}

ctx.ExecuteQueryAsync((s1, args1) => { Dispatcher.BeginInvoke(() => { label1.Content = "Last record deleted"; }); }, null); }, (s, args) => { Dispatcher.BeginInvoke(() => { label1.Content = args.Message; }); });

If using JavaScript, our code would look like this: function Delete_Click() { var ctx = new SP.ClientContext.get_current(); var query = new SP.CamlQuery(); query.viewXml = "" + "" + ""; var announcements = ctx.get_web().get_lists().getByTitle("Announcements");

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var listItems = announcements.getItems(query); ctx.load(listItems, "Include(Title)"); ctx.executeQueryAsync(function (s, args) { var lastItem=listItems.get_item(listItems.get_count()-1); lastItem.deleteObject(); announcements.update(); ctx.executeQueryAsync(function (s, args) { var console = document.getElementById('DemoConsole'); console.innerHTML = " Last Item Deleted"; }, null); }, null);

Using the Status Bar, Notifications, and the Dialog Framework Along with using the JavaScript Client Object Model to read and write to SharePoint data structures, SharePoint 2010 also introduces a few of new APIs for providing user feedback. All these new APIs are accessed via the SP.UI namespace and the JavaScript Client Object Model.

The Status Bar The status bar is a permanent fixture on the page. Messages added here remain on the page until they are specifically removed programmatically. We can see an example of a status bar message on the JavaScriptTest.aspx page. Since we’ve customized the page using SharePoint Designer, a message informing us that “The current page as been customized from its template” is automatically shown. Using the SP.UI.Status object, we can add our own status messages as follows: function StatusBarUpdate_Click() { SP.UI.Status.removeAllStatus(true); var sid = SP.UI.Status.addStatus("My New Status:", "Information Message", true);

}

window.setTimeout(function () { UpdateStatusBar("D", "red", sid) }, 1000); window.setTimeout(function () { UpdateStatusBar("D I", "green", sid) }, 2000); window.setTimeout(function () { UpdateStatusBar("D I S", "blue", sid) }, 3000); window.setTimeout(function () { UpdateStatusBar("D I S C", "yellow", sid) }, 4000); window.setTimeout(function () { UpdateStatusBar("D I S C O", "green", sid) }, 5000); window.setTimeout(function () { SP.UI.Status.removeStatus(sid) }, 6000);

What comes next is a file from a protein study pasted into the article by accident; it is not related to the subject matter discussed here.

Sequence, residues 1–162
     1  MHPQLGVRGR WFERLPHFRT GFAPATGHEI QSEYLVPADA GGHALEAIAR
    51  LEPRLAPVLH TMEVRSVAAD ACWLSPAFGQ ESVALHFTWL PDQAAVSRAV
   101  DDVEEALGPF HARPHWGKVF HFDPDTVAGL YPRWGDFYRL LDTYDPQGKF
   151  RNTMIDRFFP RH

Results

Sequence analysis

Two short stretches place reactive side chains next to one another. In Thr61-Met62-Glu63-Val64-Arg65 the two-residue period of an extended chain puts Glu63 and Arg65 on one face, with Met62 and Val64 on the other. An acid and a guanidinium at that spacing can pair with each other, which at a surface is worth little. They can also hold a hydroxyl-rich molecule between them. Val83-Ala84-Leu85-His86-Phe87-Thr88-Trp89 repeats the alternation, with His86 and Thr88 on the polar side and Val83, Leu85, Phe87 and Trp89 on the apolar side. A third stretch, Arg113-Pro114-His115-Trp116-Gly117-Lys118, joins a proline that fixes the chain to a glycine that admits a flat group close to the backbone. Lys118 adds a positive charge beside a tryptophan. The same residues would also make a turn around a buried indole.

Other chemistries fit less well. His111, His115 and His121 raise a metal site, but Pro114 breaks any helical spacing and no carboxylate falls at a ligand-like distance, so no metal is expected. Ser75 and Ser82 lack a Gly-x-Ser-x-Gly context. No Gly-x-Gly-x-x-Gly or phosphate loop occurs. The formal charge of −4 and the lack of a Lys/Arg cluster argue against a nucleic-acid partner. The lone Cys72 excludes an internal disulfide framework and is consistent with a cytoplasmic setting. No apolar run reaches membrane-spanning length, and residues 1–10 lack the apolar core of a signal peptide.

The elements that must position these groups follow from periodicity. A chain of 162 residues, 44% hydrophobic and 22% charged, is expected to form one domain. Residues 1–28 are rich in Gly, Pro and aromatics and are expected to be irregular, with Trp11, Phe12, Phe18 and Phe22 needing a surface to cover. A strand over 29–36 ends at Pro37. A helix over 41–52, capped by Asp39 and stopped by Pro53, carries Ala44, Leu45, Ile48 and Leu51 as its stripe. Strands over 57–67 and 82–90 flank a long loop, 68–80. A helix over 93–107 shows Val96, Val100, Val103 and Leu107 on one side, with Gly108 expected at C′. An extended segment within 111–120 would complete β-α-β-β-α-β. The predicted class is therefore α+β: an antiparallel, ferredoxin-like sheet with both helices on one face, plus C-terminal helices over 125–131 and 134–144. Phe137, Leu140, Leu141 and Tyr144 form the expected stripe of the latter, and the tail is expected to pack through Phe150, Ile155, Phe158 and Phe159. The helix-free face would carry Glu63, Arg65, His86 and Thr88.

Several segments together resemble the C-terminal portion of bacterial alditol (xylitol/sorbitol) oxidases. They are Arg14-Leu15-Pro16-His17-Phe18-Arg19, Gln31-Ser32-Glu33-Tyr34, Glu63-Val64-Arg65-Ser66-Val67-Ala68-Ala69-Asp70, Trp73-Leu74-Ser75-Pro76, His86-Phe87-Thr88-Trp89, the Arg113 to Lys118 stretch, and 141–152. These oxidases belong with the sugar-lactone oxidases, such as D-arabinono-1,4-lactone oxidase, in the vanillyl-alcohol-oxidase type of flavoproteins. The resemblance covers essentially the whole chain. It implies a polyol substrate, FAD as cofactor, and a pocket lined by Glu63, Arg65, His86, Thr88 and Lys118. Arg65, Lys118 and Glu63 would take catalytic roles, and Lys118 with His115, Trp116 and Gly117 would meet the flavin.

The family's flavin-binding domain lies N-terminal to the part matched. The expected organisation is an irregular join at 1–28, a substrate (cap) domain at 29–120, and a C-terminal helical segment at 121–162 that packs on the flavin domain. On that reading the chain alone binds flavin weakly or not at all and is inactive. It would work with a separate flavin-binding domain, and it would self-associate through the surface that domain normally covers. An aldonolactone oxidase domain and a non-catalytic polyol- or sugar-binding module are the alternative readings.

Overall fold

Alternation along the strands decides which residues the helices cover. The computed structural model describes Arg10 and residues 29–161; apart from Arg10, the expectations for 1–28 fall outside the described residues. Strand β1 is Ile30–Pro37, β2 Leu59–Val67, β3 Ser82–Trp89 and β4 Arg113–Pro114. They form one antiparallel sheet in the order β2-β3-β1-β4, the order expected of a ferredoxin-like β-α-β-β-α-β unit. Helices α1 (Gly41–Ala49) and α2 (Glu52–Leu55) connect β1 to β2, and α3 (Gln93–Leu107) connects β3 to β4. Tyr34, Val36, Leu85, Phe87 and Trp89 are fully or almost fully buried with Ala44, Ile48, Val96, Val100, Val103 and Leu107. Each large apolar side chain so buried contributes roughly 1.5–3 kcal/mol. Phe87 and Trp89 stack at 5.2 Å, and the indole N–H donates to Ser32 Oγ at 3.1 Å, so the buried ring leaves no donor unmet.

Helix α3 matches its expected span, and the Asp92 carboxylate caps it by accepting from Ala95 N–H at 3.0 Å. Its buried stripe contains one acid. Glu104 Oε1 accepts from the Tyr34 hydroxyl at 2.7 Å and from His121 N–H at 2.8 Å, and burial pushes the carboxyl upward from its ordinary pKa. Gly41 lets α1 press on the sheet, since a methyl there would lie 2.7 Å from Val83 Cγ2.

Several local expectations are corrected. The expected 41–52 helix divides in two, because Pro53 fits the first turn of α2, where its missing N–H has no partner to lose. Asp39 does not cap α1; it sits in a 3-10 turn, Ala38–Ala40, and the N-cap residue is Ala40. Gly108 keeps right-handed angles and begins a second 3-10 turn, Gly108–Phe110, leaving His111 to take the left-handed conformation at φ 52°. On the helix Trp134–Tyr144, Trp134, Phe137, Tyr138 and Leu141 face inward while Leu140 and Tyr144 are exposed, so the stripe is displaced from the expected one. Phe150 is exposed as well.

function UpdateStatusBar(message, color, sid) {

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}

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SP.UI.Status.updateStatus(sid, message); SP.UI.Status.setStatusPriColor(sid, color);

The call to Status.addStatus returns an identifier that can be used subsequently to change the settings of the status bar. Notice that only one status bar exists, but it can contain many status messages. The status bar always uses the color of the highest priority message. For example, the color red is used for very important messages and the color blue is used for information messages. If a very important message is displayed on the status bar and an information message is added, the status bar will be rendered in red. For more details on the mapping of color to priority, see http://msdn.microsoft.com/en-us/library/ ff408240.aspx.

Notifications Although the status bar is great for showing permanent messages to the user, sometimes we simply need to display a transient notification message. Using the SP.UI.Notify object, we can show such messages: function SendNotification_Click() { var nid=SP.UI.Notify.addNotification("My New notification", false); }

By default, notification messages are displayed for 5 seconds, which is generally sufficient for most throwaway notification messages. However, if we need the user to perform some action, such as clicking a link, we can use code similar to this: var nid; function SendNotification_Click() { if (nid == null) { nid = SP.UI.Notify.addNotification( "My New notification Click Me", true); } } function hideNote_Click() { SP.UI.Notify.removeNotification(nid); nid = null; }

Dialogs Another addition in SharePoint 2010 is the Dialog framework. For the most part, this is encapsulated in the functionality exposed by the SP.UI.Dialog and SP.UI.ModalDialog classes. Although the notifications and status bar functionality is included in the SP.js file, the dialog framework code is included in the SP.UI.Dialog.js file. To get IntelliSense support in Visual Studio when writing JavaScript that targets the dialog framework, add the following reference element to the JavaScript file:

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J

Showing a modal dialog is a relatively straightforward affair. First, we create a DialogOptions object, and then we call the showModalDialog method of the SP.UI.ModalDialog object, as this sample shows:

var options = {url: ‘http://www.chaholl.com’,tite: 'My Dialog', allowMaximize: false,showClose: true, width: 150,height: 150, dialogReturnValueCallback: SendNotification_Click}; var did = SP.UI.ModalDialog.showModalDialog(options);

}

In this sample, we’re redirecting to an Internet page for the sake of simplicity. In a real-world application, we’d create a custom page that implemented the required functionality. In Chapter 9, you’ll see examples of custom dialogs when we build setting pages for service applications. The important thing to note about the DialogOptions object is the dialogReturnValueCallback property. This contains details of a callback method that will be called when the dialog is closed. In this callback, we can write code to pick up the dialog result and perform any necessary actions. In this simple example, we’ve generated a notification using our notification sample code.